TOPEKA — As lawmakers grapple with the full scope of the state’s budget shortfall, some lawmakers — including the Senate’s top Republican — say a key part of Gov. Sam Brownback’s tax policy needs to be re-examined.
Senate President Susan Wagle, R-Wichita, said lawmakers will review the state’s tax exemption on pass-through business income. The exemption spares owners of limited liability and S corporations from paying taxes on their business income.
When the exemption was initially passed in 2012, officials estimated less than 200,000 individuals would use it. In reality, though, more than 300,000 people are now claiming the exemption, costing the state millions in revenue as lawmakers look for ways to plug an $800 million budget hole for the next fiscal year, which begins July 1.
“Clearly, we’re going to take a look at it,” Wagle said. “There’s several legislators that have different approaches to addressing our situation.”
Gov. Sam Brownback has proposed $211 million in tax increases, largely coming from hikes in cigarette and liquor taxes. Multiple lawmakers believe the governor’s proposals as written are likely going nowhere.
“As far as I’m concerned, those are dead on arrival. I might support a small increase,” Rep. Mark Hutton, R-Wichita, said, adding that he wouldn’t support anything near the level of what Brownback has put forward.
Rep. Don Hineman, R-Dighton, also sees little support for the tax hikes, though he hesitates to close the door completely on any changes.
“There hasn’t been a lot of support expressed for cigarette and tobacco taxes to date. Still wouldn’t say there’s no possibility of a tax increase on either one of them,” Hineman said.
While remaining cool on cigarette and liquor tax hikes, both Hutton and Hineman want to take a look at the pass-through exemptions.
For Hutton, the pass-through exemption is an issue of fairness. A large number of those who claim the exemption received a fairly insignificant benefit from it, he said. But with so many people claiming the exemption, the money begins to add up.
“It’s not producing what it promised to do, and I think it’s a structural problem. I’m not saying eliminate it, but I’m saying take a hard look at it and tweak it for fairness and equity,” Hutton said.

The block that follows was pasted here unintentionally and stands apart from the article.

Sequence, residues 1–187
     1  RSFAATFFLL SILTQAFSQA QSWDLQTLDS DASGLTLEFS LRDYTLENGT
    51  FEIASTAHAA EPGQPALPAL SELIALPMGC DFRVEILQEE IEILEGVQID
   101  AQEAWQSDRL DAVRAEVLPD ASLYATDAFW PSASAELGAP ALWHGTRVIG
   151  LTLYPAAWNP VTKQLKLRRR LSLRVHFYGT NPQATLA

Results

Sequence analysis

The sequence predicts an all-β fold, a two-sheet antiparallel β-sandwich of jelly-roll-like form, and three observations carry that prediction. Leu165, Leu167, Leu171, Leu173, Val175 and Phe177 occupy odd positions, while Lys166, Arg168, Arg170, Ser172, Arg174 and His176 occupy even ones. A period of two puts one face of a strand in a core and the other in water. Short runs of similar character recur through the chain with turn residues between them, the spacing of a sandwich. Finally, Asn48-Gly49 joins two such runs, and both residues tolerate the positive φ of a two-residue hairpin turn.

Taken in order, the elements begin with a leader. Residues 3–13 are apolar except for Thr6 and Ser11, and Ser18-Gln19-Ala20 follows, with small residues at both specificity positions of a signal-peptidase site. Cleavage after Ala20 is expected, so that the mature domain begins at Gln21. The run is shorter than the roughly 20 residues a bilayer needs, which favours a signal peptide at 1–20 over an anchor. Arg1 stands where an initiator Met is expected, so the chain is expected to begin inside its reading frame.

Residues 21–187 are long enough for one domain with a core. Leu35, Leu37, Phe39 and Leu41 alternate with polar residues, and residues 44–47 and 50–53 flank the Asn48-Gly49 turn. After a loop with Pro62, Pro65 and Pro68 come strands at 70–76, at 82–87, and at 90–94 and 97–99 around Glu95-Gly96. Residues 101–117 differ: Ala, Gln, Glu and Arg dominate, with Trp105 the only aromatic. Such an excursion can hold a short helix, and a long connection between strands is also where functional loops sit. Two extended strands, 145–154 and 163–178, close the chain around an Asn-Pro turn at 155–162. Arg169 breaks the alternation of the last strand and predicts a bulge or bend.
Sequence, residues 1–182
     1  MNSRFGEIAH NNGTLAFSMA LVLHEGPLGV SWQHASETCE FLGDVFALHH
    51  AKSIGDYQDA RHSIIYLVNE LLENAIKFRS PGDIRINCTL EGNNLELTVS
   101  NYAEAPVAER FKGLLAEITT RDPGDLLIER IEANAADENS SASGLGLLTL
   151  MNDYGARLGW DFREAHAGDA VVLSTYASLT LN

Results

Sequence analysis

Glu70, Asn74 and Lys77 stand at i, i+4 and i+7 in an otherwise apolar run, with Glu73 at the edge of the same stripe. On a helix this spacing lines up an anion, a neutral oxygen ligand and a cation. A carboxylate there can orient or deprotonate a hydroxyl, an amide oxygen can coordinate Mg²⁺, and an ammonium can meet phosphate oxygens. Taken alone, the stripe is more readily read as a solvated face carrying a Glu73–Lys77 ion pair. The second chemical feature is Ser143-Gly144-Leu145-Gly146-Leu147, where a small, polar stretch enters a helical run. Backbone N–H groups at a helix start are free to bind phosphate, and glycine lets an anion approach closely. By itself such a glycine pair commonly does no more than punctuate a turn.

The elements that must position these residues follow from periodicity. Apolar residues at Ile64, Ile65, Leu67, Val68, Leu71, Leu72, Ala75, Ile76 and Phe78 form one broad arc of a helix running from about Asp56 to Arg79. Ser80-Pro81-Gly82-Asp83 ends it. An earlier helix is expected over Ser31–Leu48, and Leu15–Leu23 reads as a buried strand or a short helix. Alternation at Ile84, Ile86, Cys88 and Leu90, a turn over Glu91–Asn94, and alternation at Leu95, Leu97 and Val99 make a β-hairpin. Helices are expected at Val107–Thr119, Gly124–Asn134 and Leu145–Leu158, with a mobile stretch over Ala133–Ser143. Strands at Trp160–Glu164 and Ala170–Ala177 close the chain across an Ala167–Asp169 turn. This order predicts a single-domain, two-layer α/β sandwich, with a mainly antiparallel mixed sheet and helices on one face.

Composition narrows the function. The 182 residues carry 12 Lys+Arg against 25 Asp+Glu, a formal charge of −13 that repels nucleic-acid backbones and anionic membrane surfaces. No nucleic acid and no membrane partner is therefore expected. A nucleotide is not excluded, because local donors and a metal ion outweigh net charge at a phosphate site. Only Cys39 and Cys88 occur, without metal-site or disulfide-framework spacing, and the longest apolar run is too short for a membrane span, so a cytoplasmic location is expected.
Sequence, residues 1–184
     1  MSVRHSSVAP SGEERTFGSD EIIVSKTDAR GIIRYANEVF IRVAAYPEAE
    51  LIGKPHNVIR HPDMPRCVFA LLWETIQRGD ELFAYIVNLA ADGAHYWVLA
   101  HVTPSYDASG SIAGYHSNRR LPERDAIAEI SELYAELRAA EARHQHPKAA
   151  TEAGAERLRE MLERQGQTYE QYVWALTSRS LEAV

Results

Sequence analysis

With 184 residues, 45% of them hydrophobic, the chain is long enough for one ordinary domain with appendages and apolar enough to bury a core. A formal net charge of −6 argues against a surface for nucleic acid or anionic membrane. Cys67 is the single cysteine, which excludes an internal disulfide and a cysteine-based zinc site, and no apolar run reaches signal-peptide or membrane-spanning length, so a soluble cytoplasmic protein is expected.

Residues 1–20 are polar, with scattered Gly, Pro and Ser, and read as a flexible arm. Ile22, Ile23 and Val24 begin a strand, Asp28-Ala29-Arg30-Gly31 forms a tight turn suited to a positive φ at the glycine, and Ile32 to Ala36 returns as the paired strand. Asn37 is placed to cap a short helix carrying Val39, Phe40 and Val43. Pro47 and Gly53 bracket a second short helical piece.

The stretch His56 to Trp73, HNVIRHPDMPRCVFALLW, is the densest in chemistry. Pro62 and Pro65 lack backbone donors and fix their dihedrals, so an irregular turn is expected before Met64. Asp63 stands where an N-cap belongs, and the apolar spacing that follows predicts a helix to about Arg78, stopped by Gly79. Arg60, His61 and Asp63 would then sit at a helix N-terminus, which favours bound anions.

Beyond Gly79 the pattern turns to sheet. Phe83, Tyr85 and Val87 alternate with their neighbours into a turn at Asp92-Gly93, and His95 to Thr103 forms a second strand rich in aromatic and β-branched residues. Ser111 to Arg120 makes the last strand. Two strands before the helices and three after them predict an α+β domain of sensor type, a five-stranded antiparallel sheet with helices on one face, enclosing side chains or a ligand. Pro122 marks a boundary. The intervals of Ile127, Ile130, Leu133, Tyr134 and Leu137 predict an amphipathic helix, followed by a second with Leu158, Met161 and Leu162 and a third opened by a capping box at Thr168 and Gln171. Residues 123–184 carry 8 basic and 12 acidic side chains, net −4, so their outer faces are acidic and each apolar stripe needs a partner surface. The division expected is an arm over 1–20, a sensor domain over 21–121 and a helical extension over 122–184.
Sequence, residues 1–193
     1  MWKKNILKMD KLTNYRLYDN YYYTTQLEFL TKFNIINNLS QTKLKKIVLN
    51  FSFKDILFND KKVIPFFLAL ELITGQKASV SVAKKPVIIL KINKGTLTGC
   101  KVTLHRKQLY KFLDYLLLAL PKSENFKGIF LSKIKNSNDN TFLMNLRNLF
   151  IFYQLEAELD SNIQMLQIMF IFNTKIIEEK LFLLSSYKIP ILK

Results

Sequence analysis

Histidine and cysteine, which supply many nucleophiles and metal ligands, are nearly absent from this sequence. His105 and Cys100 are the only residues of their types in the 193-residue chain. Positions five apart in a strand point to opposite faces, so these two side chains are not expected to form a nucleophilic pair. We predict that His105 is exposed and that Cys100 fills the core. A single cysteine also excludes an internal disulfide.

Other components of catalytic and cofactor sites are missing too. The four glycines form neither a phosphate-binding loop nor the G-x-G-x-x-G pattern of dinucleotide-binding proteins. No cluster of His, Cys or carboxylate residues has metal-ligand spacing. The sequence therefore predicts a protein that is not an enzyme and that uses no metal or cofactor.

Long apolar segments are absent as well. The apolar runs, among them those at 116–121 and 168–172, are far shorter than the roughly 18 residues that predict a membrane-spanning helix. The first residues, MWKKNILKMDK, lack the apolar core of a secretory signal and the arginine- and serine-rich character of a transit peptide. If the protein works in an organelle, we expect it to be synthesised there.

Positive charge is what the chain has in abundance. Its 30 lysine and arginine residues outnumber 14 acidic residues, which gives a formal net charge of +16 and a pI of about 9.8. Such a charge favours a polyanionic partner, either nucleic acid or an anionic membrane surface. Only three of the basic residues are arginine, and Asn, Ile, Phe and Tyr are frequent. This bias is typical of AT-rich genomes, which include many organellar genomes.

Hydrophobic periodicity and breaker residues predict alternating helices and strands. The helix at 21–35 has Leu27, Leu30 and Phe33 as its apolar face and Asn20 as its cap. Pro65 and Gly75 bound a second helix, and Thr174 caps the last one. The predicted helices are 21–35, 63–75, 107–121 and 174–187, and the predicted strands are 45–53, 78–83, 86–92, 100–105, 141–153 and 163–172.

The key isn’t to generate new revenue to fuel additional government spending, Hutton said, but to have an equitable system that rewards people doing work in the state.
Wagle echoed that sentiment. Tax policy should be reliable, sustainable and equitable, she said. When the pass-through exemptions were implemented, the goal was to free up business profit to be reinvested in ways that strengthen the economy.
Many businesses have benefited from the exemptions, Wagle said, but lawmakers also see them as a fairness issue. Sen. Jim Denning, R-Overland Park, has already called for fixing what he views as a “loophole” in the LLC exemption.
“One of the impacts it has created is what I call horizontal inequity,” Wagle said.
By horizontal inequity, Wagle said she means the exemptions have created situations where a business owner may not pay tax on income, but an employee making less would.
Senate Minority Leader Anthony Hensley, D-Topeka, said that whatever tax plan Republicans come up with will likely be regressive. Ideas to repeal the sales tax exemption on utility bills and reducing the earned income tax credit will place a hardship on low- to moderate-income individuals, he said.
Hensley indicated lawmakers face obstacles in opening discussion of the pass-through exemptions.
“I believe there are some Republicans that would support re-examining that, but the difficulty with that is whether the governor would support that,” Hensley said.
Brownback spokeswoman Eileen Hawley, asked via email whether the governor would oppose altering the pass-through exemptions and would veto legislation making changes, replied: “The Governor looks forward to working with legislators to build a structurally balanced budget.”
Critics of the governor and the state’s tax policy have often hit on what they see as the structural imbalance that now exists in the budget. Former budget director Duane Goossen, writing on the Kansas Center for Economic Growth’s website, said without the 2012 and 2013 changes to the tax policy, Kansas would have enough income to fund the budget under consideration. Instead, the state has used temporary measures, such as increased transfers from the highway fund, to make ends meet.
The goal is to create a structurally balanced budget, Wagle said. The process to get there may be rocky.
“It takes a lot of compromise and a lot of negotiations and everybody has a very different perspective of what the problem is and how to correct it,” Wagle said.